Making sure medical care is ‘readily available’ when needed

by on December 14, 2010 · 0 Comment POSTED IN: Workplace Safety Network
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“What happened?” supervisor Allen Porter asked as he rushed into the break room and saw forklift driver Emmylou Bastrop stretched on a bench.

“She got a jolt of juice when she tried to take the lift’s replacement battery out of the charging station,” a co-worker said. “I found her on the floor, and paged you.”

“How long has she been lying here?” Allen asked the co-worker.

“Half hour or so,” came the response.

Checking her condition
“How do you feel?” Allen asked, turning to Emmylou and taking her wrist to check her pulse.

“Not bad, considering,” she said.

“Battery get you?” Allen asked.

“Yeah, across my hands,” Emmylou responded, holding them out. They were unmarked.

“Do you need to go to the hospital?” Allen asked.

“I don’t think so,” she said. “I feel like I’m gonna be all right if I can rest for a few minutes.”

Inspecting the scene
“Take all the time you need,” Allen said. “I’ll go have a look at the battery.”

Allen went to the charging station, where he noticed a black mark on the battery. “Soot from arcing,” he thought.

Ten minutes later, as Allen was still checking the battery and charging cables, the co-worker walked up.

“Emmylou wants to go to the hospital after all,” he said.

“Can you drive her?” Allen asked.

“Sure,” the co-worker said.

Five minutes later Emmylou was at the ER. She was diagnosed with nerve damage in her hands and arms.

When OSHA inspected the accident scene, the CO cited the company for failing to ensure the ready availability of medical personnel to assist Emmylou.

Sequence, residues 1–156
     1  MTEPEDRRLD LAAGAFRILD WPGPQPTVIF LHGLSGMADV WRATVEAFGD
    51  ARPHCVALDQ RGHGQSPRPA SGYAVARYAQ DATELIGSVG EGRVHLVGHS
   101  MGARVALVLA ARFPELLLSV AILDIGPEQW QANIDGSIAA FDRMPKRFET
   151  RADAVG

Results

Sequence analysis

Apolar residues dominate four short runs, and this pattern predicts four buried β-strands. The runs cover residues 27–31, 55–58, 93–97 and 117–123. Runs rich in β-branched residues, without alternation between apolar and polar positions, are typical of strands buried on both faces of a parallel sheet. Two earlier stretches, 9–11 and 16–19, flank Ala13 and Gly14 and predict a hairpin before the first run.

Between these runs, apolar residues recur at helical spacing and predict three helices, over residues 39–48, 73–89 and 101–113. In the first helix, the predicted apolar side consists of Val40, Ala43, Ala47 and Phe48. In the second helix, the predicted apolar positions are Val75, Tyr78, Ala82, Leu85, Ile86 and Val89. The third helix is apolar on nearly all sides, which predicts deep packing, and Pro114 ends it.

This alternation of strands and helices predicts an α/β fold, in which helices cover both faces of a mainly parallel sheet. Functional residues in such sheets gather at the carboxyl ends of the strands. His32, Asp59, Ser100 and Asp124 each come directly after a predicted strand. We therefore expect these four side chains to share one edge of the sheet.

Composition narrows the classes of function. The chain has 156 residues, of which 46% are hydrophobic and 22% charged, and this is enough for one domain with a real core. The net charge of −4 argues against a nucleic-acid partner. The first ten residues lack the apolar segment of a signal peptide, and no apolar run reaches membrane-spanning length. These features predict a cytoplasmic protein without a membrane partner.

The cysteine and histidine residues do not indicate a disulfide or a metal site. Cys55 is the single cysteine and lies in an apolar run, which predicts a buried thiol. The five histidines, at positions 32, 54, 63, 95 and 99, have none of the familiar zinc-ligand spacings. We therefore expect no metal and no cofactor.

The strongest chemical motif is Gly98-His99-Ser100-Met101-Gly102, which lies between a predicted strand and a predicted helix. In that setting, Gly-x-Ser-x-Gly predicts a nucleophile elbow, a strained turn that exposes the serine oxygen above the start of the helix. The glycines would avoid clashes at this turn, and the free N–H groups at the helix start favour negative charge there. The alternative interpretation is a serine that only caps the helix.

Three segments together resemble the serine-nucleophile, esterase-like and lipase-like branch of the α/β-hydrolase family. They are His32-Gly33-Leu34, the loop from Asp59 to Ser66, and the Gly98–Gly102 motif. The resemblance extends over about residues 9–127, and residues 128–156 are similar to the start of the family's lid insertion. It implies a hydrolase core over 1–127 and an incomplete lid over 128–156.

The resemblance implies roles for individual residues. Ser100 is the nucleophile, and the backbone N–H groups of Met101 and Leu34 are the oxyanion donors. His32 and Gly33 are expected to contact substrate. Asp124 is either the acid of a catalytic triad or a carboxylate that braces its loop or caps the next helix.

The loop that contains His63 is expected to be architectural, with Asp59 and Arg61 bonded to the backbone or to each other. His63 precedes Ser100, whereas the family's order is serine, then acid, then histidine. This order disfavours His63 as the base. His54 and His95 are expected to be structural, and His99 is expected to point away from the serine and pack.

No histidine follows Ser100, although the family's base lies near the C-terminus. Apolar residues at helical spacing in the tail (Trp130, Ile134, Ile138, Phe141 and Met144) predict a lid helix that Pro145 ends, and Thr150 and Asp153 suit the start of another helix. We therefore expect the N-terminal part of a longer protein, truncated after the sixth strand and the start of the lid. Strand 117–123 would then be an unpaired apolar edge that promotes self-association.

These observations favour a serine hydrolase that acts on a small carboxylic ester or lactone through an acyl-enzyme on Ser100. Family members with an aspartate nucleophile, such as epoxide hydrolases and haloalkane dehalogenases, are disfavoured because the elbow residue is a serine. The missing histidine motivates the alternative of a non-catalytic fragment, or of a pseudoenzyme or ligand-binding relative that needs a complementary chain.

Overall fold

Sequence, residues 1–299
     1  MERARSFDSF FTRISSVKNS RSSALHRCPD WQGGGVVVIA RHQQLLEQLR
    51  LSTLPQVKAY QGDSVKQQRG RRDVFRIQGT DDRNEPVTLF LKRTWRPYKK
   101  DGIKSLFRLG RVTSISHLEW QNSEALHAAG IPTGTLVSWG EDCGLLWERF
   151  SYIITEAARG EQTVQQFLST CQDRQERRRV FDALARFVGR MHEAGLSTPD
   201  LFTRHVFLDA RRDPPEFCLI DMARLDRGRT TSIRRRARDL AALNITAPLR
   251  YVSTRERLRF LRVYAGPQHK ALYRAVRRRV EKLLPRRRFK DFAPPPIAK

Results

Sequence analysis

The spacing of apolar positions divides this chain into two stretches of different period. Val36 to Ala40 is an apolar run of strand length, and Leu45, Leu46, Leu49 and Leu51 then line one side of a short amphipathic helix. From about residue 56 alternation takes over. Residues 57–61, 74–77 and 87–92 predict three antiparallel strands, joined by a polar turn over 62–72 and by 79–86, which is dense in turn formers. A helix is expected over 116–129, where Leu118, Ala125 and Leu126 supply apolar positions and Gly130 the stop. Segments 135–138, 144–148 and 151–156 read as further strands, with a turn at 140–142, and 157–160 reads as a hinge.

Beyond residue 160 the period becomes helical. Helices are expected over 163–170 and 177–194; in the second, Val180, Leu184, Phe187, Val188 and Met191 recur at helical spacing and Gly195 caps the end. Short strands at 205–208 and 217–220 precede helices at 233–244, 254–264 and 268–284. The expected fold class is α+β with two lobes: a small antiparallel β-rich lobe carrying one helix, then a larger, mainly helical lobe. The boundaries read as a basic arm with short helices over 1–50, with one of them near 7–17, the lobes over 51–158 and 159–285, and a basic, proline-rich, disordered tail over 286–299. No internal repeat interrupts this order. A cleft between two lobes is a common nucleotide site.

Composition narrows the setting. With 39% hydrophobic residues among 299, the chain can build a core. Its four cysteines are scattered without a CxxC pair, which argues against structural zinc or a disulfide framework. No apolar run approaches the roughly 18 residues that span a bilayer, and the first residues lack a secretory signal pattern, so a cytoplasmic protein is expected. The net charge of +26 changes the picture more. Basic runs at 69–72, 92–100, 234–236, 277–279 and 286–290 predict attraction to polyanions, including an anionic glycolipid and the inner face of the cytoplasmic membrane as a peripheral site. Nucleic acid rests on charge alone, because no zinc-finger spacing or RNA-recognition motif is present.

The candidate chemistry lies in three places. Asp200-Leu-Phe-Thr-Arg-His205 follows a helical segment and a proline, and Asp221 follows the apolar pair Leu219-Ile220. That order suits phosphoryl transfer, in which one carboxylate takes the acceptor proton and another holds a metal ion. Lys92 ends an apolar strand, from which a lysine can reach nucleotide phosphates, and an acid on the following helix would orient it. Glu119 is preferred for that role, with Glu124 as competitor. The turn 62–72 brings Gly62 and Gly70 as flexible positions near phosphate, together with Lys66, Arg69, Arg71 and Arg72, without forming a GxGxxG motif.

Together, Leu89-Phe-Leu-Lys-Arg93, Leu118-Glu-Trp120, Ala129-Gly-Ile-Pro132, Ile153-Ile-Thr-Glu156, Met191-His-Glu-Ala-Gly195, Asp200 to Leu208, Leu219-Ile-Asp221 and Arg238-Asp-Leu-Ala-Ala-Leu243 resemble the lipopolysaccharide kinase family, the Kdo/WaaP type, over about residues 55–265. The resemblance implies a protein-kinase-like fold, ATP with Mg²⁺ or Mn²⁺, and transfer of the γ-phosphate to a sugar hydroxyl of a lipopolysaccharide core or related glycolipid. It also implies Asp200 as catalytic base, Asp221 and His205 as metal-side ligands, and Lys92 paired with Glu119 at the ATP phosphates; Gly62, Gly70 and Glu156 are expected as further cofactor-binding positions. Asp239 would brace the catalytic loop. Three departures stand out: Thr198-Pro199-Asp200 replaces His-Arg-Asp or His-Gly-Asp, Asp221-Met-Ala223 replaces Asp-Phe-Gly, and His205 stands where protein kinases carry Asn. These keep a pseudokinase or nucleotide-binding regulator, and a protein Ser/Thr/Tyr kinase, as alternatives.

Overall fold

The company appealed the citation. Did it win?

The decision
Yes. The Occupational Safety and Health Review Commission threw the citation out.

Although OSHA argued the 45-minute delay in providing medical care to Emmylou was too long, the Commission noted that the “readily available” standard – 29 CFR § 1910.151(a) – doesn’t prescribe any set amount of time. (A different standard, § 1910.151(b), does require emergency facilities be in “near proximity” – 3-4 minutes – if no employee is trained in first aid.)

Allen’s observation of Emmylou’s physical condition turned up no obvious problems. She could breathe and speak normally, she wasn’t sweating, and she didn’t have any visible bruises or burns.
Plus, the company had done several things to comply with the standard, ranging from a list of emergency phone numbers to an on-site first aid kit.

Takeaway
Here’s what Safety Directors can do to ensure medical care is “readily available”:

  • Have at least one employee per work unit trained in first aid, and provide first-aid kits.
  • Give all departments a list of emergency numbers – fire, ambulance, poison control, etc. – and verify that they keep it handy.
  • Check that supervisors know where the nearest hospital or emergency medical facility is, and the fastest way to get there.
  • Train all personnel to call 911 in case of medical emergency.

Cite: Sec’y. of Labor v. Fresenius USA Mfg., No. 10-0652, OSHRC.

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